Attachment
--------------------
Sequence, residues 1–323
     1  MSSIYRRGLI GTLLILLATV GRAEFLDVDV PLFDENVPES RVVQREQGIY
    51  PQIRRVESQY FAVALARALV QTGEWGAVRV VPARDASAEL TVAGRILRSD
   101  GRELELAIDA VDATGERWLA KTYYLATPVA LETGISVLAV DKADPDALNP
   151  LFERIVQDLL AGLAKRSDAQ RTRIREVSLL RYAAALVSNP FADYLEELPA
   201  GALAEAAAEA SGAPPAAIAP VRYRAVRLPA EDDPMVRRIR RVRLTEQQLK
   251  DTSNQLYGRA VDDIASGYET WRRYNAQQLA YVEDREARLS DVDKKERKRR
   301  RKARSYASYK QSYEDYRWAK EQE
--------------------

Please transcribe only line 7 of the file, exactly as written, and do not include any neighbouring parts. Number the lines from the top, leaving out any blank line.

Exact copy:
   251  DTSNQLYGRA VDDIASGYET WRRYNAQQLA YVEDREARLS DVDKKERKRR